The story of Jesse Owens at the 1936 Olympics is well known. What is not well known is that Jesse Owens nearly didn't compete in one of his gold medal wins, just so his Jewish teammates could...
The story of Jesse Owens, the African-American athlete whose mere presence was an affront to Hitler in the 1936 Berlin Olympics, is perhaps the most well-known story to come out of those games. The fact that he won four gold medals was a stark counter to the Nazi propaganda machine and a slap in the face to the Nazi organizers.
What is perhaps not well known is how Jesse Owens almost didn’t compete in one of his gold medal wins, the 400 meter relay race.
While it is obvious that Nazi Germany would be prejudiced and biased towards black and Jewish athletes, it must be said that within the United States there was also prejudice towards Jewish athletes at the time.
A short report from Berlin in The Sentinel shows the overt prejudice. Sam Stoller and Marty Glickman were the only athletes on the U.S. team not to participate in the games. They were also the only Jewish athletes on the team. To add insult to injury, they were only told on the day of the event that they would not be able to compete.
Jesse Owens’ sense of justice came to the forefront and he offered to give up his spot in the relay race in order to let his teammates run in the competition. The solidarity between Owens, Stoller and Glickman is an example of how the time period created an alliance between minorities within a society that was biased against them on the basis of their race.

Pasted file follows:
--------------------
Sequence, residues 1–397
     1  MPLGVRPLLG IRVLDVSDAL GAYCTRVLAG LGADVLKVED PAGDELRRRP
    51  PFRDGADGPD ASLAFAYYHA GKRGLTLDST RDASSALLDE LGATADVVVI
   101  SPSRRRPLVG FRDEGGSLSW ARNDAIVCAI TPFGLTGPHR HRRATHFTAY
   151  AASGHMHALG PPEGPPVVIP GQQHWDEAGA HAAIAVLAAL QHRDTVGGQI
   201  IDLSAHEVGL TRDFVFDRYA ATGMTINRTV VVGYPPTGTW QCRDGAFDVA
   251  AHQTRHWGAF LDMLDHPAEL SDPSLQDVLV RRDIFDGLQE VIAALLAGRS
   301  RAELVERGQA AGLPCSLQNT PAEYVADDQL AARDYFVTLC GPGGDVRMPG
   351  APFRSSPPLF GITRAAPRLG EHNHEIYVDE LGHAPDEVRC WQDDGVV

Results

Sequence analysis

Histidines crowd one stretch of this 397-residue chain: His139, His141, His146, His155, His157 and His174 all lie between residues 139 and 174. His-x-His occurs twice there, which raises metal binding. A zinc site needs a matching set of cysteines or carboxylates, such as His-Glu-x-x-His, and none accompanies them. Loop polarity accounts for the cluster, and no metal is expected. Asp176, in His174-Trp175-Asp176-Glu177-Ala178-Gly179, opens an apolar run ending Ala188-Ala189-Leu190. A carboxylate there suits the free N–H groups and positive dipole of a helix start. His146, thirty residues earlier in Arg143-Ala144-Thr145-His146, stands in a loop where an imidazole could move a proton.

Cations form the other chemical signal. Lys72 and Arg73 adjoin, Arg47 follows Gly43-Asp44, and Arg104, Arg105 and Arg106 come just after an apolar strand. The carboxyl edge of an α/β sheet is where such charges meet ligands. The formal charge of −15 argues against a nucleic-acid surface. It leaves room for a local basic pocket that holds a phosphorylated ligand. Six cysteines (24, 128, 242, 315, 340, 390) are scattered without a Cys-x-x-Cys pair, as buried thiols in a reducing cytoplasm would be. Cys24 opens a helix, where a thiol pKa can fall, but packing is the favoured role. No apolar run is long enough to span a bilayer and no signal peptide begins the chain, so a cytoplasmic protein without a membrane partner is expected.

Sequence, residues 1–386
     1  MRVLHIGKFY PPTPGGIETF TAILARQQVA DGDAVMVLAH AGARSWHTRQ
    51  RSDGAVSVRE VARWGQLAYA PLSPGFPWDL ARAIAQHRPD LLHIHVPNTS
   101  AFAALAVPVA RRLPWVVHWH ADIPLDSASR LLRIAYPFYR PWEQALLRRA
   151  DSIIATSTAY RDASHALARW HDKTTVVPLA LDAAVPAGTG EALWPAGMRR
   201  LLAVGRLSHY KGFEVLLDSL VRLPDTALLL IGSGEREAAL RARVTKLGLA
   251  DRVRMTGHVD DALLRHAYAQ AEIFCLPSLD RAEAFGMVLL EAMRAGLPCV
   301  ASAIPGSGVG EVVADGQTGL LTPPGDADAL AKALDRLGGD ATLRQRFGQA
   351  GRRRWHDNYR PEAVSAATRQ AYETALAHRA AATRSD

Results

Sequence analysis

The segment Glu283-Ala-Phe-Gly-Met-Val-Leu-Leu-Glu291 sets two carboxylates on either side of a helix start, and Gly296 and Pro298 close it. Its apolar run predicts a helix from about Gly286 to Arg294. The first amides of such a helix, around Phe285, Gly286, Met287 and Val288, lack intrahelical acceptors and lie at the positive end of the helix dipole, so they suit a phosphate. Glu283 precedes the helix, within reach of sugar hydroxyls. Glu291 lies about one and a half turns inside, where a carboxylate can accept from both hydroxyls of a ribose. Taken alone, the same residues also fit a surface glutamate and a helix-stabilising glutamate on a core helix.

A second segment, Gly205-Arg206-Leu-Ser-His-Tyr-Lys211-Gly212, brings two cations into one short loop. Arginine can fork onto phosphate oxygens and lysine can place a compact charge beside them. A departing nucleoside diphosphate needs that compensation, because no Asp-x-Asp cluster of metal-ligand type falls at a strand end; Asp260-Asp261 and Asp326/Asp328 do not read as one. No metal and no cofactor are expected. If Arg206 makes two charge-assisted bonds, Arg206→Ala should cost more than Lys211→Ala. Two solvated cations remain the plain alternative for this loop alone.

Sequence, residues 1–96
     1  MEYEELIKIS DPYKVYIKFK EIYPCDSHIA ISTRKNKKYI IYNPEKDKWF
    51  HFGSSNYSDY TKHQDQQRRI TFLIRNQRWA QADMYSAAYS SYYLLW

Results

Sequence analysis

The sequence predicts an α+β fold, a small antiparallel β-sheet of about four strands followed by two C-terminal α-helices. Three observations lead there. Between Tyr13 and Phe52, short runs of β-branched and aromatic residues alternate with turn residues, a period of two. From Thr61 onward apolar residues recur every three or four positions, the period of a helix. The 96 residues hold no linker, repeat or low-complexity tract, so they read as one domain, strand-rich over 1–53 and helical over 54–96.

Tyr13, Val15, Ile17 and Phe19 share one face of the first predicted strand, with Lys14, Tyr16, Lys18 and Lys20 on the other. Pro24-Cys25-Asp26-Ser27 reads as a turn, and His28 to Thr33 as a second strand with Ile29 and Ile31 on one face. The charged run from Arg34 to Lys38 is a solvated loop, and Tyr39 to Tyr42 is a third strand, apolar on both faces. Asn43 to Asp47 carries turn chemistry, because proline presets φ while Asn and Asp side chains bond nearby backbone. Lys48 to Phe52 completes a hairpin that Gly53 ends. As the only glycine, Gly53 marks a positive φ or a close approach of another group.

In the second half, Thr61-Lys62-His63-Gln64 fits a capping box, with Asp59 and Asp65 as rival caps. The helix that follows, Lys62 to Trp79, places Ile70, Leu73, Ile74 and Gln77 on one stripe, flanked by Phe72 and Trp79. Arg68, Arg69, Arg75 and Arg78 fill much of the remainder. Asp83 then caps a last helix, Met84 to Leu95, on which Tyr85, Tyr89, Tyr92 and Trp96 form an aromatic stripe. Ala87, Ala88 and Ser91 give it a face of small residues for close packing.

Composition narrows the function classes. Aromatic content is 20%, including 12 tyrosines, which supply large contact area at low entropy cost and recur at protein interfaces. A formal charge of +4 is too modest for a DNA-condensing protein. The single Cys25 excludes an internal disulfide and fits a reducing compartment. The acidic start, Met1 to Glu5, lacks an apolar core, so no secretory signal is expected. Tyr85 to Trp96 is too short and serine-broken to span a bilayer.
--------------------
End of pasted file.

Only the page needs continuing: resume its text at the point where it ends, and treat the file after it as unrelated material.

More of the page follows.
At the time both Stoller and Glickman denied there was anti-Semitism involved, though later in life, Glickman would say that it had in fact been fueled by anti-Semitism. This fact becomes starker when you consider that Avrey Brundage, then-chairman of the American Olympic Committee, was unapologetically pro-Nazi and admired Hitler himself.
The 1936 Berlin Olympics, possibly the most contentious modern Olympic event in history, was a symptom of the conciliatory policies towards Nazi Germany.
At the time there had been demands to boycott the Olympic games by various amateur athletic groups, such as the Committee on Fair Play in Sports in America. The Committee even released a booklet detailing the ways in which Nazi Germany went against the ideals of the Olympic games. The boycotts were not successful, thanks to the work of Brundage and others to get the American team to the Olympics in Berlin.
It is no secret that Hitler’s intention was for the Berlin Olympics to prove the racial hierarchy he tried to implement.
Sam Stoller and Marty Glickman’s story during the 1936 Olympics remains a footnote to the history of those turbulent times, and to the inspirational story of Jesse Owens, who became a symbol of audacity and courage, embarrassing Hitler and the Reich at their very own games.